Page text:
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#MeToo Founder Tarana Burke to Visit DePauw

#MeToo Founder Tarana Burke to Visit DePauw

April 9, 2018

Tarana Burke

Tarana Burke, the woman who started the #MeToo movement, will speak on the DePauw University campus Sept. 6.

Burke, who started the movement to expose the breadth of sexual violence, is the 2018 Dorothy Garrett Martin Lecturer on Ethics and Values. The lecture series is hosted by the Janet Prindle Institute for Ethics, Delta Gamma and the Delta Gamma Foundation. The event is set for 7:30 p.m. Sept. 6 in Kresge Auditorium at the Green Center for the Performing Arts.

Burke has dedicated more than 25 years of her life to social justice, and she laid the groundwork for a movement created to help young women of color who survived sexual abuse and assault. The movement went viral, rallying women of all ages and races to speak up, and was named 2017 TIME Person of the Year. It now inspires solidarity, amplifies the voices of thousands of victims of sexual abuse and puts the focus on survivors.

A sexual assault survivor herself, Burke assists other survivors and those who work to end sexual violence. She is the senior director of programs at Brooklyn-based Girls for Gender Equity. On stage, she provides words of empowerment that lift up marginalized voices, enables survivors across all races, genders and classes to know that they are not alone and creates a place for comfort and healing for those who have experienced trauma. Burke’s talk is co-sponsored by DePauw’s Women’s Center and will be one of the events preceding DePauw’s annual Day of Dialogue.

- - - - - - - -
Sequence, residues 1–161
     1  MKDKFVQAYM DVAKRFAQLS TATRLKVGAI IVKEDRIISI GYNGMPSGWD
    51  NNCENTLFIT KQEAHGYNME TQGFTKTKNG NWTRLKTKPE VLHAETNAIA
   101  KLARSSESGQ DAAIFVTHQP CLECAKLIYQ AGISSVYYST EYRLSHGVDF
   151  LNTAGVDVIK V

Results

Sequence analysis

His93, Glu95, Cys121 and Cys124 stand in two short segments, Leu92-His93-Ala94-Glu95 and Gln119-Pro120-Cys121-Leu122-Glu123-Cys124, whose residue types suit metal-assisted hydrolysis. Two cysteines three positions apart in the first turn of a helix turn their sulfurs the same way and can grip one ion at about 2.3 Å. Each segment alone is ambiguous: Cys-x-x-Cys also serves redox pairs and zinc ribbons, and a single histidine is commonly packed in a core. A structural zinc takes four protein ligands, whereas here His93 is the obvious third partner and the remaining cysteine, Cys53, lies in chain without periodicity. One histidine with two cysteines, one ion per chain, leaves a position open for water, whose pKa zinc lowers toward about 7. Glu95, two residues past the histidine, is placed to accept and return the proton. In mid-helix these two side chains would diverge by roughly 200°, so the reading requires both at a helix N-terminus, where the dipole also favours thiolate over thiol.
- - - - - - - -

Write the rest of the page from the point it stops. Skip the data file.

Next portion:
Each year, the Prindle Institute, in partnership with Delta Gamma, invites a speaker to be the Dorothy Garrett Martin Lecturer. The series has a tradition of bringing powerful women to DePauw to speak about critical issues. Past speakers include Pashon Murray, CEO and founder of Detroit Dirt; Maysoon Zaid, a comedian and disability activist; and Tabitha St. Bernard-Jacobs, co-founder of Women’s March and a fashion entrepreneur. 

More information about the lecture is available at DePauw.edu/Prindle.

Photo credit: Kaia Burke/strangebird productions

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